Common snapping turtle (Chelydra serpentina)

Also known as: North American snapping turtle, Snapping turtle
KingdomAnimalia
PhylumChordata
ClassReptilia
OrderTestudines
FamilyChelydridae
GenusChelydra (1)
SizeAdult carapace length: 23 - 49 cm (2)
Hatchling carapace length: 2.5 - 3 cm (3)
Weightup to 34 kg (4) (5)
Top facts

The common snapping turtle is classified as Least Concern (LC) on the IUCN Red List (1).

A large, heavy-bodied reptile (2), the common snapping turtle (Chelydra serpentina) has a well-earned reputation for being somewhat short-tempered and highly aggressive (3).

This pugnacious reptile has a brown or olive to black upper shell, or carapace (3) (6), which is often obscured by mud or algae (2) (5). The carapace of the common snapping turtle has three rows of prominent ridges, known as keels, running along it (2) (3) (5) (6), although these tend to smooth over and be absent in older individuals (2) (5) (6). The back section of the shell is sharply serrated (2) (4) (5) (6). The lower shell, or plastron, of the common snapping turtle is relatively small (2) (3) (4) (6), cross-shaped (3) (4) (5) (6) and generally yellowish to tan in colour (5) (6).

The common snapping turtle has a large head with a pointed snout and a somewhat hooked upper jaw (2) (4) (5) (6). The skin on the upperparts of this species is generally grey to black or olive (5) (6), blending to lighter shades or dull yellow underneath (5). The head is often dark brown (4), while the powerful jaws are yellow to cream (6) and frequently sport a pattern of dark streaks (5) (6). Two barbels can be seen on the chin of the common snapping turtle (4) (5) (6), while the long neck is covered in warty projections called tubercles (3) (5) (6) (7).

The limbs of the common snapping turtle are large, powerful (3) (6) and heavily clawed (3) (5) (6), and the toes are webbed (4) (5) (6). This species has a long tail, which is about the same length as or longer than the carapace (2) (4) (6) and is adorned with a row of large, saw-tooth scales along the top (2) (5).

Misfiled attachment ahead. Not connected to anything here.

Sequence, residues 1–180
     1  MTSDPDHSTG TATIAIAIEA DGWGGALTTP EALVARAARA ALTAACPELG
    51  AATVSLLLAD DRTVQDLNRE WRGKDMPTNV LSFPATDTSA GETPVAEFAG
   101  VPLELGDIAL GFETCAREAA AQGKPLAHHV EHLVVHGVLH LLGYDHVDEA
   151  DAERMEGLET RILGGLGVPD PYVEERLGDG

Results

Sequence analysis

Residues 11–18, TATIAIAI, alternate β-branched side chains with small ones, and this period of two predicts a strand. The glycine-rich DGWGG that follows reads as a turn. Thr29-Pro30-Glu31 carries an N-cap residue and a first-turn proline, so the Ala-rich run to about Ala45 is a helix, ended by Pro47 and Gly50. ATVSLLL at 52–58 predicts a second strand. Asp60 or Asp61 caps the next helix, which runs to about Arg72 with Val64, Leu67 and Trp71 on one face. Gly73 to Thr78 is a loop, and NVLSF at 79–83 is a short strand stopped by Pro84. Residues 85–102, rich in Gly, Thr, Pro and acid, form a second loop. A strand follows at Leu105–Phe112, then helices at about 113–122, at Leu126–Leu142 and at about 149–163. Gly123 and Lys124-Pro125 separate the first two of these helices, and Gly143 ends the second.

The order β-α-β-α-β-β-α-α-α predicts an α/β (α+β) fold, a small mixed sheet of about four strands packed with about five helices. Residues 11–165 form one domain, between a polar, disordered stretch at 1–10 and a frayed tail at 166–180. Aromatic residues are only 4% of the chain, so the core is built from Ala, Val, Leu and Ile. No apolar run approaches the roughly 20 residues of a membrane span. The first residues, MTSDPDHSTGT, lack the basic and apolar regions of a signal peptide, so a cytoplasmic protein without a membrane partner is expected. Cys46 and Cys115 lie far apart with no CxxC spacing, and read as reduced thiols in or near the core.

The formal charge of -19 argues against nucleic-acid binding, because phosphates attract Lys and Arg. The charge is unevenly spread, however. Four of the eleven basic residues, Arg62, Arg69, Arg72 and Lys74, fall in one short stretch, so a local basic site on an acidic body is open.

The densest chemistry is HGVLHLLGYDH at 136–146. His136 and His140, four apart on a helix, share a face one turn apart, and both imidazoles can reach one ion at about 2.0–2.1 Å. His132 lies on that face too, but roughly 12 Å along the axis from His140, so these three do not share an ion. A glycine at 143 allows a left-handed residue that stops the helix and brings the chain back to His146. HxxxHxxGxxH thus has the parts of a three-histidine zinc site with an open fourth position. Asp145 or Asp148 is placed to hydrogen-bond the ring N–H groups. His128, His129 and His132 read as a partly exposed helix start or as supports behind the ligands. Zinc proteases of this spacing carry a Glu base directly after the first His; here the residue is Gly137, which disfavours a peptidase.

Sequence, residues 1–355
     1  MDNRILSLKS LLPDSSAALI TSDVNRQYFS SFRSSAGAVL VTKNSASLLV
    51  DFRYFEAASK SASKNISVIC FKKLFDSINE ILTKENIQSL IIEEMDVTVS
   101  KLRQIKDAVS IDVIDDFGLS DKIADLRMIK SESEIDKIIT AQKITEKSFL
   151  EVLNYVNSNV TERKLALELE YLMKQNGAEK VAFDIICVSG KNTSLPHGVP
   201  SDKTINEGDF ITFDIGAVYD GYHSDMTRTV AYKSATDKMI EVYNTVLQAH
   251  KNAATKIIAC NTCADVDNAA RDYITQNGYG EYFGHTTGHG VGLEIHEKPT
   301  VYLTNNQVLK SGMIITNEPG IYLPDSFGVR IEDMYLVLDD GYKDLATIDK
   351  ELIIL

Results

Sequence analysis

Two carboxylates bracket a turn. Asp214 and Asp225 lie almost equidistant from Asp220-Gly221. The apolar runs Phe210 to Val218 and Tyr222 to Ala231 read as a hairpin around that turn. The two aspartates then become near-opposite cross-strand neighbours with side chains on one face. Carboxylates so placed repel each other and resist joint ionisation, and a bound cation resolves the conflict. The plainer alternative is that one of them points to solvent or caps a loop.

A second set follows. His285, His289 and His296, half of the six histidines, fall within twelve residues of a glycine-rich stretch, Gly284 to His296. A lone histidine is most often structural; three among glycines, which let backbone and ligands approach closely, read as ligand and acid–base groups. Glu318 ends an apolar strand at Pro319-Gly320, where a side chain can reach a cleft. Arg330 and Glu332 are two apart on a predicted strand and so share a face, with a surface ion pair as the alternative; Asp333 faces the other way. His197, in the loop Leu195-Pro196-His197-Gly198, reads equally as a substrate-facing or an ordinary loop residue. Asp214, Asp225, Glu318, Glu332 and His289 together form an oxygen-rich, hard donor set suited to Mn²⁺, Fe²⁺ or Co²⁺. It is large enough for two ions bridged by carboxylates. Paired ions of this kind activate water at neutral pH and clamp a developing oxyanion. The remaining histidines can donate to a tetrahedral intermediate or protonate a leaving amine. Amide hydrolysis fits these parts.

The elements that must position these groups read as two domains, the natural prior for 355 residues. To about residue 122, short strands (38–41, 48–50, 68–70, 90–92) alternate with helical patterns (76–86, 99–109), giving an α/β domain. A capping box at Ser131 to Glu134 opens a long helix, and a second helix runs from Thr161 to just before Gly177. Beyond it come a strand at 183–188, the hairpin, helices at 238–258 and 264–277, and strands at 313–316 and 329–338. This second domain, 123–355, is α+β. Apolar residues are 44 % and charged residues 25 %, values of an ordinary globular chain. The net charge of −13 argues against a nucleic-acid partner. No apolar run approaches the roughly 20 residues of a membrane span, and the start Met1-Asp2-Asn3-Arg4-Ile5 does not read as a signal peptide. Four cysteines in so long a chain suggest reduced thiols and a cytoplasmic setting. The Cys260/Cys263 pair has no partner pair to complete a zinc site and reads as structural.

Male and female common snapping turtles are very similar in appearance, and so are difficult to tell apart based on external characteristics (5). However, males tend to have a more concave plastron (4) and are generally bigger than females (3) (4) (5) (6). Hatchling common snapping turtles have an almost round carapace (3) (6), and are either black or dark brown, often with white spots under the edge of the carapace or on the plastron (5). This white patterning disappears as the turtle gets older (3). Young common snapping turtles hatch with an ‘egg tooth’, a point on the end of the snout which is used to break through the eggshell when hatching. This is usually shed within the first three weeks (6).

The common snapping turtle occurs from southern Canada (2) (3) (7), southwards through the eastern two thirds of the United States (2) (3) (7). The range of this species stretches as far south as Florida (1) (6), New Mexico, the Gulf Coast (5) (6), and Central and South America (5) (7).

Different subspecies of the common snapping turtle are found in the southern regions, ranging into portions of Mexico (5) (7), Central America and north-western South America (5) (7). The Florida snapping turtle (Chelydra serpentina osceola) is restricted to peninsular Florida (6).

The common snapping turtle has been introduced to California (1) (2) (6), as well as to Japan and to China and Taiwan (1) (6), where it is being bred on turtle farms (6). Feral turtles of this species have also been recorded in the Netherlands and the United Kingdom (1).

The common snapping turtle is found from sea level up to elevations of 2,000 metres (1) (6).

The common snapping turtle inhabits a wide range of water bodies (1) (6), from rivers and lakes to temporary ponds and marshes (1). However, this species tends to show a preference for slow-moving waterways which have a sandy or soft mud bottom (3) (5) (6) and an abundance of aquatic vegetation (2) (3) (5) (6). The water bodies inhabited by the common snapping turtle are usually shallow, but this reptile can also be found along the edges of deep lakes and rivers (6).